Fibromyalgia is perhaps one of the most misunderstood conditions. Many people still think fibromyalgia isn’t a real medical problem, but rather ‘all in your head.”
Fibromyalgia was officially recognized as a distinct medical condition only a few decades ago, in the late 1970s. For a long time, doctors also believed that fibromyalgia is caused by psychological factors, basically labeled as a mental disorder, simply because lab tests and investigations were not showing any physical changes.
More recently, however, science proved that fibromyalgia is very real, and affects between 6-12 million Americans, according to The American Chronic Pain Association. The first scientific study confirming that fibromyalgia symptoms and tender points could be found in the body was published in 1981.
MRIs of people with fibromyalgia have shown some changes in the part of the brain that processes pain signals from the body, and these changes are boosting the intensity of normal pain response. Research has also suggested that there is a genetic component.
Symptoms of fibromyalgia include sharp pain and/or widespread dull pain that can last for days to months. In addition, some patients have noted experiencing significant fatigue and cognitive problems, such as lack of focus and brain fog. Furthermore, fibromyalgia is often associated with irritable bowel syndrome (IBS), migraines and headaches.
What Causes Fibromyalgia
Scientists do not know the exact cause of fibromyalgia. There is a genetic component, because it tends to run in families, and some gene variations had been identified.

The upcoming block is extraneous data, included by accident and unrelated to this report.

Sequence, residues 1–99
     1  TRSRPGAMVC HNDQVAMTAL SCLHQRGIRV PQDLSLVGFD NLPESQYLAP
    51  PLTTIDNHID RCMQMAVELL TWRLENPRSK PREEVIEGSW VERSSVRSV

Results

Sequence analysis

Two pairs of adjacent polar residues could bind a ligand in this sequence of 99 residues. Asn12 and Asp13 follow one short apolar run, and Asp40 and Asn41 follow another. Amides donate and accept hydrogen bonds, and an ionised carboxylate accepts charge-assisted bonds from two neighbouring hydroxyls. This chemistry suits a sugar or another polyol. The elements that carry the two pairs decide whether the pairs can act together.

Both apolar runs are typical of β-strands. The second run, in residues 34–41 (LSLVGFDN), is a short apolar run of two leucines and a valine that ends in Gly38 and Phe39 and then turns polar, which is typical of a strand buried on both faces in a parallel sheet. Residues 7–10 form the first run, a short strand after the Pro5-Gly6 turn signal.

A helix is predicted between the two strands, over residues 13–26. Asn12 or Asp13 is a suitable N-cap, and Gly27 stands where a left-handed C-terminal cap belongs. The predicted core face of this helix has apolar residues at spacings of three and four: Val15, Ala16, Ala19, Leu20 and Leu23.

Infections may also play a role, especially Epstein–Barr virus infection, hepatitis C, and Lyme disease.
Emotional stress is well-known to trigger a flare-up and aggravate the symptoms. While many drugs and therapies are available for fibromyalgia, many people still struggle with this condition.
Could medical marijuana help?
Medical Marijuana For Fibromyalgia- Research Studies
Given the increased interest in using medical marijuana for many conditions, researchers are investigating its benefits for fibromyalgia, as well. The results are encouraging.
Researchers have found that marijuana products are frequently used by individuals with fibromyalgia. A number of surveys showed that most of the people who tried medical marijuana found it to be either effective or very effective for managing their symptoms of fibromyalgia, such as pain.
Research studies, including two randomized controlled clinical trials using oral nabilone [synthetic THC], specifically looked at the impact of cannabinoids on pain and sleeping problems related to fibromyalgia. Nabilone was found to significantly reduce the pain and improve function. Best of all, it was well tolerated.
One study found that nabilone is more effective than antidepressant/muscle relaxant drug amitriptyline to improve sleep in fibromyalgia.
Scientists have one more big reason to believe medical marijuana can help people with fibromyalgia: this condition is associated with a deficiency of the endocannabinoid system.
As you know, your body has a built in system called the endocannabinoid system, which is made up of cannabinoid receptors, endocannabinoids (THC-like molecules created in the body) and metabolic enzymes. Simply put, in fibromyalgia, the body does not produce enough endocannabinoids or doesn’t have enough cannabinoid receptors.
Furthermore medical marijuana may not only help manage fibromyalgia but also commonly associated with migraines and IBS. Why? Because studies found that all three: IBS, fibromyalgia, and migraines are correlated with endocannabinoid deficiency.
Although more research is needed, medical marijuana shows a lot of potential to help manage fibromyalgia.
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